HUD Finds Homelessness Largely Unchanged in U.S. for 2018
According to the latest national estimate by HUD, homelessness in the U.S. remained largely unchanged in 2018. HUD’s 2018 Annual Homeless Assessment Report to Congress found that 552,830 persons experienced homelessness on a single night in 2018, an increase of 0.3 percent since last year. Meanwhile, homelessness among veterans fell 5.4 percent and homelessness experienced by families with children declined 2.7 percent nationwide since 2017.
As in previous years, there is significant local variation in the data reported from different parts of the country. Thirty-one states and the District of Columbia reported decreases in homelessness between 2017 and 2018, while 19 states reported increases in the number of persons experiencing homelessness.
Key findings of HUD’s 2018 Annual Homeless Assessment Report. On a single night in January 2018, state and local planning agencies (Continuums of Care) reported:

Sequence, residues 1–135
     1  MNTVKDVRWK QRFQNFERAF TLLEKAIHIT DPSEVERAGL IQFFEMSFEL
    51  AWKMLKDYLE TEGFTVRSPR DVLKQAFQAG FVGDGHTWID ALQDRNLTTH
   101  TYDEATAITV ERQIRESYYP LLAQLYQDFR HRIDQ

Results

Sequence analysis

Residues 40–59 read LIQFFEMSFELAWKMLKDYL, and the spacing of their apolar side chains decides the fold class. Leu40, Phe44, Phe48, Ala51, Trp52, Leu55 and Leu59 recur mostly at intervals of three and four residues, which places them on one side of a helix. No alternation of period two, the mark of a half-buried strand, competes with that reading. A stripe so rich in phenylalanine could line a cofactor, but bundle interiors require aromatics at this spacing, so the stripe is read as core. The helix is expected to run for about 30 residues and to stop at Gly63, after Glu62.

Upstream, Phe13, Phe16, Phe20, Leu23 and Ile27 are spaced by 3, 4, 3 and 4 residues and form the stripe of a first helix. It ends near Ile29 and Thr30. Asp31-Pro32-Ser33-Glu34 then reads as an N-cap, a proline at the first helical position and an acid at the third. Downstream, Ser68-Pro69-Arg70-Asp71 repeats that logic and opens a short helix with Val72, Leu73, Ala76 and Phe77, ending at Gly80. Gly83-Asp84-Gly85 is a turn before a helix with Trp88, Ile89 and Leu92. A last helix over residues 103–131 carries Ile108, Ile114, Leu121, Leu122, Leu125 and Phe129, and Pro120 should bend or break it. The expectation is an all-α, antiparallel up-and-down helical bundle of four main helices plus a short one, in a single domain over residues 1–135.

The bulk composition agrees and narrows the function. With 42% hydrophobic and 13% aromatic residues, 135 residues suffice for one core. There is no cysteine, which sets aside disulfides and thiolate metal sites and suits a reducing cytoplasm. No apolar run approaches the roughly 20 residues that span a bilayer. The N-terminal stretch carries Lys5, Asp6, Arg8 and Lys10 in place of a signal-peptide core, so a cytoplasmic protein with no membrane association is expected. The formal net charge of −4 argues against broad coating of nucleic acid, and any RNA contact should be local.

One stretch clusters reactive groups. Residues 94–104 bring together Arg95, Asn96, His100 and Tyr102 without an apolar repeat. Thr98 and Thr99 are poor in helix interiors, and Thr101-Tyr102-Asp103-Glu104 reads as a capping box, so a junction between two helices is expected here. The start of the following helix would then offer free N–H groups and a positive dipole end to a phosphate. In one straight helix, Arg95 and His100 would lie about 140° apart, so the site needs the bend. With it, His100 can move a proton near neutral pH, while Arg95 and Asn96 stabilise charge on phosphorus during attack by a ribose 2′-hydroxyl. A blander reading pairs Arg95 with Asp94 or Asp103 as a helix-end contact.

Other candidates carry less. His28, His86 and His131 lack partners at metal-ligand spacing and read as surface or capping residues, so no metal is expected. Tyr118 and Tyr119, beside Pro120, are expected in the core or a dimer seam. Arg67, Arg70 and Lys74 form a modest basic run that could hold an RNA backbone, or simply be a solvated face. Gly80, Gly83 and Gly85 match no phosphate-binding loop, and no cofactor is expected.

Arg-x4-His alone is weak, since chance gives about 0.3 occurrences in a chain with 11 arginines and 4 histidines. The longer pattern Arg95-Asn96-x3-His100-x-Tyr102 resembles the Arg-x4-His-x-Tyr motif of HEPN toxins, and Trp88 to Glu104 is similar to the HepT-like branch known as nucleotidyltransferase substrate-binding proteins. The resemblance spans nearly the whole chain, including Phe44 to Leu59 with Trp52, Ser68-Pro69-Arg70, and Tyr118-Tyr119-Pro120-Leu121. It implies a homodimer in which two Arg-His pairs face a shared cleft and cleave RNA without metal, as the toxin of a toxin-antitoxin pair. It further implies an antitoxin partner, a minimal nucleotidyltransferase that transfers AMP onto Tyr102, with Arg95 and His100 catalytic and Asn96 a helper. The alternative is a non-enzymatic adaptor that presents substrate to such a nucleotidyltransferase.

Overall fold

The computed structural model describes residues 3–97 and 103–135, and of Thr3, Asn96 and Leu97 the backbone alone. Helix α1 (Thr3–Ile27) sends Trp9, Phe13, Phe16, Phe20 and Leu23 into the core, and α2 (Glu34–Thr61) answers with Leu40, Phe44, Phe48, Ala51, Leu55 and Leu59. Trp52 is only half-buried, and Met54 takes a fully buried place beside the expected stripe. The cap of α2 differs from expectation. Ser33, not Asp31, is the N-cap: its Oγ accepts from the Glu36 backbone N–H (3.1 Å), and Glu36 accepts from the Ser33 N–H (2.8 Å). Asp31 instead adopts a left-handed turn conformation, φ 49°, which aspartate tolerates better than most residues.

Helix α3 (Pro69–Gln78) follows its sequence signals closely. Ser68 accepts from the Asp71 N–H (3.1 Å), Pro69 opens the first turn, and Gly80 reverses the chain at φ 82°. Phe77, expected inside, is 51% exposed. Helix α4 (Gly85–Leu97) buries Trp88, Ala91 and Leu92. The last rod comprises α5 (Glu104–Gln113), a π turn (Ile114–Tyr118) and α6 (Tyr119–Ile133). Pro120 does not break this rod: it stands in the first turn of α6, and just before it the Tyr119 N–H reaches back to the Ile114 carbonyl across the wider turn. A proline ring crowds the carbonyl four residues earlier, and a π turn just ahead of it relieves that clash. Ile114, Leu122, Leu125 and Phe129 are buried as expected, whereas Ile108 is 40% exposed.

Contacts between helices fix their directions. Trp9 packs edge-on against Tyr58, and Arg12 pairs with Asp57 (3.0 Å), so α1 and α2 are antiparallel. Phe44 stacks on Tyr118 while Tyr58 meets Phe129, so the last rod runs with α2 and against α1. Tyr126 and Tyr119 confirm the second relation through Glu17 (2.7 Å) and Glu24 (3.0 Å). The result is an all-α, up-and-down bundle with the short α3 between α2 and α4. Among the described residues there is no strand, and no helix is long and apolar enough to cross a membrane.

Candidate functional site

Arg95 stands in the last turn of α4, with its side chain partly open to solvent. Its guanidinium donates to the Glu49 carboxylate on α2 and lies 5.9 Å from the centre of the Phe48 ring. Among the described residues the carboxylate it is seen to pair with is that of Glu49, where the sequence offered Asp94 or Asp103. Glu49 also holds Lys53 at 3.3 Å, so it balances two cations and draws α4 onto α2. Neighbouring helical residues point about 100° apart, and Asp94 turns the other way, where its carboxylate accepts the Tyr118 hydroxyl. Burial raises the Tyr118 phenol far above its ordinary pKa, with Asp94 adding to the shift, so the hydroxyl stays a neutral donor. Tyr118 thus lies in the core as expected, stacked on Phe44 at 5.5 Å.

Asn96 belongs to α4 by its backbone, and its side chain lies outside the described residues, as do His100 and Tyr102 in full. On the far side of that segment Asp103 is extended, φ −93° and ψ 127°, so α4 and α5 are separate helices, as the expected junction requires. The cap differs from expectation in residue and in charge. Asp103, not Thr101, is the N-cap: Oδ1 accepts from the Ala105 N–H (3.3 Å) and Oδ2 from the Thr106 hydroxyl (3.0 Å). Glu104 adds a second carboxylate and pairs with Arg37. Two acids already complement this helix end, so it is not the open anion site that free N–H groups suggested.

- 552,830 people were homeless representing an overall 0.3 percent increase from 2017 but a 13.2 percent decrease since 2010. This small increase is due to a 2.3 percent increase of unsheltered homelessness and nearly 4,000 persons staying in emergency shelters set up in areas impacted by Hurricanes Harvey, Irma, Maria, and Nate; western wildfires; and other storms and events.
- Most homeless persons (358,363) were located in emergency shelters or transitional housing programs, while 194,467 persons were unsheltered.
- The number of families with children experiencing homelessness declined 2.7 percent since 2017 and 29 percent since 2010.
- On a single night in January 2018, 37,878 veterans experienced homelessness, a decline of 5.4 percent (or 2,142 persons) since January 2017. The number of female veterans dropped nearly 10 percent since last year. Overall, veteran homelessness in the U.S. declined by 49 percent since 2010.
- 88,640 individuals experienced long-term homelessness in 2018, an increase of 2.2 percent over 2017 levels, though chronic homelessness declined by 16.4 percent (or 17,422 persons) since 2010.
- The number of unaccompanied homeless youth and children in 2018 is estimated to be 36,361, a 5.1 percent decline since 2017. Last year, HUD and local communities launched a more intense effort to more accurately account for this important, difficult-to-count population. HUD is treating 2017 as a baseline year for purposes of tracking progress toward reducing youth homelessness.